In a huge boost to indigenous armament programmes, a team of two soldiers recently developed an armed Unmanned Aerial Vehicle (UAV) for the Indian Army. The unmanned quadcopter, which was a long-pending requirement of the armed forces, had been previously deployed during live operations along the Line of Control between India and Pakistan and counter-terrorist operations in Jammu and Kashmir.
It was displayed at the Army Technology Seminar in New Delhi on January 11, where modernisation efforts in land warfare formed the crux of the discourse.
The two soldiers who had developed the UAV back in 2015 belong to the 21 Sikh regiment. Sepoy Gurpreet Singh and Sepoy Amrik explained that the vehicle is capable of carrying out day and night surveillance and dropping grenades on targets.
Why is it significant?
None of the defence services in India possess armed drones, making this a historic innovation in the history of the Indian Army. It further upholds the capability of indigenous developers to take this forward and upgrade the existing model to a more advanced version. Demonstrations of some models could be held next month, according to news reports.
This arrives at a time when Army Chief General Vipin Rawat has been pushing for defence innovations by army personnel, and India increasing its arms imports by signing deals with the US, Russia and France to name a few. Although the US fast-tracked the supply of armed lethal predator drones last year, the Indian army has always been keener on indigenously developed armed UAVs, keeping in line with Prime Minister Narendra Modi’s “Make In India” programme.
“It is very heartening to note that soldiers on the ground are coming up with innovative solutions either to improve the existing system or coming out with new systems that can be taken up by the industry for further development,” General Rawat said at the seminar. “88 such innovations have come up in the last one year. Out of which we have identified 60 of them to be discussed with the industry to move forward with them on further development,” he said.
“The entire system is one of the 15 ‘Make’ cases being analysed by the army. The army has found that the industry has the capability to make them. Some of these cases would soon be launched under the ‘Make 2’ route,” said sources.
How does it work?
Initially designed only for surveillance, the quadcopter was later modified to include the weapon system and was recently tested for dropping grenades. This forms half of what the army usually calls a seeker-shooter combat management system. It is based on the quadcopter functioning as the seeker to undertake surveillance, while a hexacopter carries the payload to engage the target.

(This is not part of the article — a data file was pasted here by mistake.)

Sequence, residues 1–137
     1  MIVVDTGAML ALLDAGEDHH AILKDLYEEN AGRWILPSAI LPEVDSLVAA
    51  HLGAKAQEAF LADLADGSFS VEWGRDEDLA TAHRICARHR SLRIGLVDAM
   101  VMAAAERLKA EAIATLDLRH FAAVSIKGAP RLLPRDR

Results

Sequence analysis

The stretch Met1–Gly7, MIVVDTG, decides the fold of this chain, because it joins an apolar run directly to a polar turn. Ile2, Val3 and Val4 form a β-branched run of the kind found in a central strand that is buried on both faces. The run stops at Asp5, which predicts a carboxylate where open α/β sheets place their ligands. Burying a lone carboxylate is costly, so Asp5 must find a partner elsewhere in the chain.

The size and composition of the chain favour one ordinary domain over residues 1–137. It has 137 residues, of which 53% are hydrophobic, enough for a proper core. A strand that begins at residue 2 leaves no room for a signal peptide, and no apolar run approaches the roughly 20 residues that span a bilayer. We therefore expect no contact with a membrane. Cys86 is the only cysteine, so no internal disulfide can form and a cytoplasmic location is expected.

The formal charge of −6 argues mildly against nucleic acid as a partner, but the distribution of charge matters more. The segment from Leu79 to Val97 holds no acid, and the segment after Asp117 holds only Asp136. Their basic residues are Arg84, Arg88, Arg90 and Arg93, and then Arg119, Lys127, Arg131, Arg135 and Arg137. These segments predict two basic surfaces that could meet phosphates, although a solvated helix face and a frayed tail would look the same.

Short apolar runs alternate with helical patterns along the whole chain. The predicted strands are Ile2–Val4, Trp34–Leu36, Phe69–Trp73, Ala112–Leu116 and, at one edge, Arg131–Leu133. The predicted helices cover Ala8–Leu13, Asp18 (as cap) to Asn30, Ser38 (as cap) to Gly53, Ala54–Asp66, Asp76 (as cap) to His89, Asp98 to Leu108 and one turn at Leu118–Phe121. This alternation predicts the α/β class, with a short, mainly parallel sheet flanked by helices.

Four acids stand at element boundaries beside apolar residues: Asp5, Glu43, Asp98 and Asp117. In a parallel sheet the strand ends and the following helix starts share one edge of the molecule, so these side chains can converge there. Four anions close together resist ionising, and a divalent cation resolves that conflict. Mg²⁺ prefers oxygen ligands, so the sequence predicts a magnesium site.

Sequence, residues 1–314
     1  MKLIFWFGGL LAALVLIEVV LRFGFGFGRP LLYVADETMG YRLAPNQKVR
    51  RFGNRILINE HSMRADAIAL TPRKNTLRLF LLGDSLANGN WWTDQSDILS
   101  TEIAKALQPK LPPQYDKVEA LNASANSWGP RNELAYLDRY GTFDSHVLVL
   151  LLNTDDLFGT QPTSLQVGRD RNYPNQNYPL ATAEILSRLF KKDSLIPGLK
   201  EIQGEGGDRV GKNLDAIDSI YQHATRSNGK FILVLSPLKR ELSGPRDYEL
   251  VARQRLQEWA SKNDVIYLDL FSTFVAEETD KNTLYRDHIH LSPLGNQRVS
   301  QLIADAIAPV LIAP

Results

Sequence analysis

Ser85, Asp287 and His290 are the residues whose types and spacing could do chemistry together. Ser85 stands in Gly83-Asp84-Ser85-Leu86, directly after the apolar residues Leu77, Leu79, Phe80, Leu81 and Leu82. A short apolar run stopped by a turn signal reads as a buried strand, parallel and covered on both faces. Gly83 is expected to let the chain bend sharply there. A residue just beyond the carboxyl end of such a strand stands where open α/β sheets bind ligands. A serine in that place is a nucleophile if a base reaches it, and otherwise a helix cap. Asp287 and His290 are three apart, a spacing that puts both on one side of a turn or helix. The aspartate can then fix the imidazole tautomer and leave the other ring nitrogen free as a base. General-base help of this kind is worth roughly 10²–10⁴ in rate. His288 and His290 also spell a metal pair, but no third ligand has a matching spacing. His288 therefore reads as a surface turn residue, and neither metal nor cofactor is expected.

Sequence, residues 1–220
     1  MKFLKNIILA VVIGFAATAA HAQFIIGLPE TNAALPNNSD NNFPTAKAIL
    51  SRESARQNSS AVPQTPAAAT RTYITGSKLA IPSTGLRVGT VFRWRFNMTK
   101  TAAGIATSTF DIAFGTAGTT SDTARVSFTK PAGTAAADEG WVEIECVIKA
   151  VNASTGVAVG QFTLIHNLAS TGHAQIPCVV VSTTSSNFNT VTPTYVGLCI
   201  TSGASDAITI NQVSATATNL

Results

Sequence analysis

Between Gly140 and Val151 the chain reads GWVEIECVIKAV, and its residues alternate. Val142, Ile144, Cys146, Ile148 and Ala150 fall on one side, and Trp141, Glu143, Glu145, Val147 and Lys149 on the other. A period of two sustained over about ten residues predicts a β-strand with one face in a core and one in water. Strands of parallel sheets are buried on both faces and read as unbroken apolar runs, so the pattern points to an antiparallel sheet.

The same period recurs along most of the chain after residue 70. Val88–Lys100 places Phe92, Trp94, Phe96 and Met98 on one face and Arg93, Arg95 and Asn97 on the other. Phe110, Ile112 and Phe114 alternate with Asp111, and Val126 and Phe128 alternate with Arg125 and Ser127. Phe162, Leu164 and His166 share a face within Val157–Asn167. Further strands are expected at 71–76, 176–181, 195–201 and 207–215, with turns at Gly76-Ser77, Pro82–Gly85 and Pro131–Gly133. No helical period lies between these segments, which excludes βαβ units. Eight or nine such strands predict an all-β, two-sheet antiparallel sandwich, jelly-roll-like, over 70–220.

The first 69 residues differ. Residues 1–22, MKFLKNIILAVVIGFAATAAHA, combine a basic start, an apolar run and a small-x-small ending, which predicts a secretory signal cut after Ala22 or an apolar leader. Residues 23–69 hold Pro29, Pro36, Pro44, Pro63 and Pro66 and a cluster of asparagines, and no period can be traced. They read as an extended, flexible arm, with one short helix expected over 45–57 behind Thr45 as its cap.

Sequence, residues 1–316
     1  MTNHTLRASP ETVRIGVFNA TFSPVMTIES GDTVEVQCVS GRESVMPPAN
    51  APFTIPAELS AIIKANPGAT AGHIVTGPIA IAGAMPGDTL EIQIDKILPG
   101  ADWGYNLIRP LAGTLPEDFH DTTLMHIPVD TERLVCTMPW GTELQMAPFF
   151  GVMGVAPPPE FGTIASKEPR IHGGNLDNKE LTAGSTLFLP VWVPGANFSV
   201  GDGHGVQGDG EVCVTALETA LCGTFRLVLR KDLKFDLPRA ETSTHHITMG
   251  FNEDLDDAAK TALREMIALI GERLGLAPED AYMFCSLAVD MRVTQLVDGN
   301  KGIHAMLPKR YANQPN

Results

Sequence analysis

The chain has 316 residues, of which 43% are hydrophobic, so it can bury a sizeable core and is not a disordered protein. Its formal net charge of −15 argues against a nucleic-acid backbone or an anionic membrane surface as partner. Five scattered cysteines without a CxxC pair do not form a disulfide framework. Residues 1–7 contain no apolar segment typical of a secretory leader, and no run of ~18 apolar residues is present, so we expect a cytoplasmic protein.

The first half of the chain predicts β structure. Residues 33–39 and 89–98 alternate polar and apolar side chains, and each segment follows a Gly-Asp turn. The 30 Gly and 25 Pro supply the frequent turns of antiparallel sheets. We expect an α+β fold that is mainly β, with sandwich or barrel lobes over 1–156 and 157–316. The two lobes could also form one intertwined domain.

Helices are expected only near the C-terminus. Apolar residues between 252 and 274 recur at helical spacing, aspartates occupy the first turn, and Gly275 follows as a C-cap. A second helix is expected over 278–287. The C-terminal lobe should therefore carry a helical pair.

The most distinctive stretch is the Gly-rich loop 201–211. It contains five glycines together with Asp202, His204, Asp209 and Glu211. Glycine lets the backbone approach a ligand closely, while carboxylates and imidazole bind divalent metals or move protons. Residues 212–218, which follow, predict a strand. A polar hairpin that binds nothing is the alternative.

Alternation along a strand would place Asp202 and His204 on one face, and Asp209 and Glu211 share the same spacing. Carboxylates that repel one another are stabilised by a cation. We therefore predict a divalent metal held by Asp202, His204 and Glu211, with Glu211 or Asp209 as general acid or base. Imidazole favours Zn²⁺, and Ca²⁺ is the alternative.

Explaining how their invention works, Amrik told the Economic Times, “The quadcopter can lift three grenades or two kg of payload such as ammunition, IEDs and first aid. We manually control the UAV through a remote control. It can also be used automatically, wherein we feed the coordinates on the laptop and it navigates to the areas and drops the grenade after unpinning it. It also has day and night surveillance.”
“All these ideas were given by our Commanding Officer Colonel Ashutosh Mehta. We had made a basic flying machine and he told us to use it for surveillance and weaponise it,” said Gurpreet.
Advanced UAVs to follow
The Army Design Bureau has long since requisitioned a seeker-shooter system involving a more advanced UAV, for use along the LoC and Line of Actual Control between India and China. Amrik and Gurpreet’s UAV fits the bill of being able to carry day and night surveillance and engaging with infiltrating terrorists by dropping grenades and IEDs.
But as of now, it is unable to “loiter”, a feature that makes UAVs more capable of accurately throwing grenades and fire ammunition through loopholes in bunkers and windows.
Buoyed by territorial threats on all corners, India has risen to become the world’s biggest arms importer. Policymakers and defence personnel justify harbouring a costlier and deadlier arsenal, citing these security concerns, but activists have often questioned if the country can afford such weapons at a time when poverty is on the rise. By making higher grade weapons instead of sourcing them from external buyers, the centre will also be able to avoid overpriced defence deals like Rafale.
Prarthana Mitra is a staff writer at Qrius
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